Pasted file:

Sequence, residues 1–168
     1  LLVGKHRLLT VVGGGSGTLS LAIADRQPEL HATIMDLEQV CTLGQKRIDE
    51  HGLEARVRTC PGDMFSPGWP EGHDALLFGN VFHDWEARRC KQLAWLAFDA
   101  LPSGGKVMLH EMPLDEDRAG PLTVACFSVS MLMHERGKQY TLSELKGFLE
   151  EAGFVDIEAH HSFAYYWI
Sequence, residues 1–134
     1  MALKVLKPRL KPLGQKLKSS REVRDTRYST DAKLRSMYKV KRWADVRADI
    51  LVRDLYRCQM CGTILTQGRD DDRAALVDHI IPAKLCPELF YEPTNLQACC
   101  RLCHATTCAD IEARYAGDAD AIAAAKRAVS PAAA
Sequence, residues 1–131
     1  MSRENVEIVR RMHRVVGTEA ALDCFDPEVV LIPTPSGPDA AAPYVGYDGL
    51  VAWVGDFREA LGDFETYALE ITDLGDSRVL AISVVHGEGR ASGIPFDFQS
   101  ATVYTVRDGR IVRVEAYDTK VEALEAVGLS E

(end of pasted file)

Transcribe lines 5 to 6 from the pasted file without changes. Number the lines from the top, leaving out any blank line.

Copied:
   151  EAGFVDIEAH HSFAYYWI
Sequence, residues 1–134